Home > Uncategorized > Getting Started With #SmtpJs & #React

Getting Started With #SmtpJs & #React


Getting Started With SmtpJs & React



My name is Alec Dilanchian and I am an avid programmer who enjoys working on side projects and creating cool tools. These projects all come to life on Twitch, a live streaming platform where I stream myself programming projects in 28 days from start to launch (If this sounds interesting to you, please consider checking out my stream @ https://www.twitch.tv/pixelogicdev).

I recently started a new project called FocusBlock, which can be found here. FocusBlock is an open source tool that helps you time block a task and contacts a designated person, via email, if you do not finish your task in the assigned time. Think of it like a pomodoro timer with a way to automatically gain assistance if needed. I needed a tool that would automatically send an email, via the client, if their timer ended before they finished their task. I came across SmtpJs. This component seemed straight forward and extrmemely easy to use. There was just one caveat, FocusBlock’s client side is being created with React. I wanted to keep everything as native as possible, so I challenged myself to create a very simple React component out of this awesome tool. In this article, I want to show you how easy it can be to do just this!

Download The Source Code

The component needed to get the basic logic for SmtpJs can be found @ https://wwww.smtpjs.com. When you reach the home page of the site you will want to select the “Download” button. This will download the source code needed in order for you to get started with SmtpJs. It should just be one .js file as of version 2.0.1.

Create a React Component

Once you have your source code, you are all set to get started on your React component. If you are unfamiliar with React, I would suggest checking out their guide here to gain much needed knowledge on how components work and what the library as a whole does. Do begin creating a React component, I start by adding a new folder of whatever the component will be called. In this instance I called my component SmtpService. This will hold any and all of our component logic. The next step should be straight forward. Go ahead and create a file called SmtpService.js. This will be the entry point of your component and where we will house all of its logic.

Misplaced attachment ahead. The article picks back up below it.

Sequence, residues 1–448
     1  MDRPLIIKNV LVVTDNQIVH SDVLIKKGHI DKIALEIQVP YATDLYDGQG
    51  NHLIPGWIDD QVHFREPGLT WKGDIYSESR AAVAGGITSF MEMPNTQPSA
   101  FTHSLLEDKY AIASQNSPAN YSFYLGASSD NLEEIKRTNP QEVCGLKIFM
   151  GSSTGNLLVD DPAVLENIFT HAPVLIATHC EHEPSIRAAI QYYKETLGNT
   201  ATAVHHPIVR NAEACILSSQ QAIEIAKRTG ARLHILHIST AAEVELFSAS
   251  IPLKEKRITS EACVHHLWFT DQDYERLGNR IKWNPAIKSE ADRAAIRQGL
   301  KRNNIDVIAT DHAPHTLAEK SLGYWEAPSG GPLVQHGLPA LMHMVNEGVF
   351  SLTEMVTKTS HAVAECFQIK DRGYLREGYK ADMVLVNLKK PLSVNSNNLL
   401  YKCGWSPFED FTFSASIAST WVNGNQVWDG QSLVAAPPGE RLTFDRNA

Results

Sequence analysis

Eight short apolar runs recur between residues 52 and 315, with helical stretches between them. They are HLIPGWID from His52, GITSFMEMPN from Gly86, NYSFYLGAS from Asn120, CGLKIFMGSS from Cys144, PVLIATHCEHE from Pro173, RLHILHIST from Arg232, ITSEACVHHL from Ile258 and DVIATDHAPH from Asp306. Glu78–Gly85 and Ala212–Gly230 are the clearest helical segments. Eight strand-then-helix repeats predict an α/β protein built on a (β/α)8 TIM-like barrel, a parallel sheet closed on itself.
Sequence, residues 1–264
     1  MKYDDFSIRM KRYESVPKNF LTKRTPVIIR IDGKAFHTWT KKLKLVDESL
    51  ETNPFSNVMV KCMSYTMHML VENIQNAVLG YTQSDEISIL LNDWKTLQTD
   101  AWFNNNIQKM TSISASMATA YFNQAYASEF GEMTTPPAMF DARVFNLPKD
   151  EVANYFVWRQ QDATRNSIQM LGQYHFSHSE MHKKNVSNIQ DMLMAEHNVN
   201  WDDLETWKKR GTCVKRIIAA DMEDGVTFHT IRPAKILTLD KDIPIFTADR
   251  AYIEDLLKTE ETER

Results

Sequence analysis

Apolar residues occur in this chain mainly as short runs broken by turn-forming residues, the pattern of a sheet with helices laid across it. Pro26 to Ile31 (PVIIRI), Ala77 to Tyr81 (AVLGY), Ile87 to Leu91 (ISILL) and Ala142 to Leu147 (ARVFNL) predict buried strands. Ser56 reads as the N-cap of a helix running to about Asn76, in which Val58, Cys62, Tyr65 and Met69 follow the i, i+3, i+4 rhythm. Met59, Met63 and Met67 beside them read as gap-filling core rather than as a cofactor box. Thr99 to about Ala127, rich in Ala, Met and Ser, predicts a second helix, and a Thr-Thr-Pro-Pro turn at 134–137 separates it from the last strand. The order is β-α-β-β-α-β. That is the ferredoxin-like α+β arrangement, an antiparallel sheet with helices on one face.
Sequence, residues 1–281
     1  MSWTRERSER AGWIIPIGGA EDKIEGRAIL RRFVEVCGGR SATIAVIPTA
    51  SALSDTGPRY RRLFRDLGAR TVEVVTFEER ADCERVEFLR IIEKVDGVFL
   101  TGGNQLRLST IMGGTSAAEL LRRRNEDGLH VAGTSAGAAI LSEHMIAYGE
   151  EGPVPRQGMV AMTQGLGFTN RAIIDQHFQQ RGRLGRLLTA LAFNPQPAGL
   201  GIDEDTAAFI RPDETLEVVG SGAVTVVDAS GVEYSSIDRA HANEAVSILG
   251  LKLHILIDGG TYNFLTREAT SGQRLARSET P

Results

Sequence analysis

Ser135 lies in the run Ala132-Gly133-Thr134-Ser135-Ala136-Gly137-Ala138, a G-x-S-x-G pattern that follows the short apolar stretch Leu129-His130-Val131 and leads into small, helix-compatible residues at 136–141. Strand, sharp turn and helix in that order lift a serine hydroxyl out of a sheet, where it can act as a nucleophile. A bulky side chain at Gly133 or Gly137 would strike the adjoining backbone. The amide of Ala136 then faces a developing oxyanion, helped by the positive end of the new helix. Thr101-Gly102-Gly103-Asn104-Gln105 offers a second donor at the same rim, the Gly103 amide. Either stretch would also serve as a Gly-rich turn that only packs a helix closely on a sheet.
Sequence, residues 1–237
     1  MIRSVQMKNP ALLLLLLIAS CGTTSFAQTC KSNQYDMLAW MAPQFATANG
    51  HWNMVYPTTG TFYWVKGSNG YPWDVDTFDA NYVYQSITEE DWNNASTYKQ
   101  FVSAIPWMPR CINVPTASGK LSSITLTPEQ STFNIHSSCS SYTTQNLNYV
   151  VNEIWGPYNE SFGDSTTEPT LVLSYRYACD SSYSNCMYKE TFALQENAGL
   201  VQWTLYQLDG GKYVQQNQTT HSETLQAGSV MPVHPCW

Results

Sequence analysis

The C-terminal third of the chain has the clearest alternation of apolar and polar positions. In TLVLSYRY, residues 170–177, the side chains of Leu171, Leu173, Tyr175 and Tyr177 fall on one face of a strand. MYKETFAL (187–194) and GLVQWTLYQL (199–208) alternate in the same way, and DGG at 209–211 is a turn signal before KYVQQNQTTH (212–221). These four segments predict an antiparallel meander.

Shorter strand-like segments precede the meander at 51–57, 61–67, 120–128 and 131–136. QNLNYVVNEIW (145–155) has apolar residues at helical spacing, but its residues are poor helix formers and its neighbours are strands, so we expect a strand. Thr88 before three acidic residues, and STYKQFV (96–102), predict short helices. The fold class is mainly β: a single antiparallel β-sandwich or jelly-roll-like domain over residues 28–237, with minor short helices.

Next we will want to ge the basic layout of our React component. This is done with the following boilerplate code:

import { Component } from 'react';

class SmtpService extends Component {
    /* https://smtpjs.com/ */
    /* SmtpJS.com - v2.0.1 */

export default SmtpService;

Don’t forget to give credit to SmtpJs for their source code!

Add The SmtpJs Source Code

Once our barebones React component is setup, its time to add the soruce code of SmtpJs. This is as easy as copying and pasting it from that .js file you downloaded in step one. If your React app is already running, you will notice a lot of syntax errors that the linter is complaining about. Have no fear! These are easy changes that can be fixed.

Tweaking Methods

SmtpJs has multiple methods that are key for its functionality. We need to make sure we are abiding by our component’s rules and might as well convert it to JavaScript ES6 while we are at it!

I will demonstrate one method change which is identical for every other method in the code. Lets work with the send method. You are orignally given send: function (e, o, t, n, a, s, r, c) { /* Code */ );. In React, these methods are not recogonized using that syntax. To abide by ES6 and React, all you have to do is change the format to this: send = (e, o, t, n, a, s, r, c) => { /* Code */};. There is a very slight difference.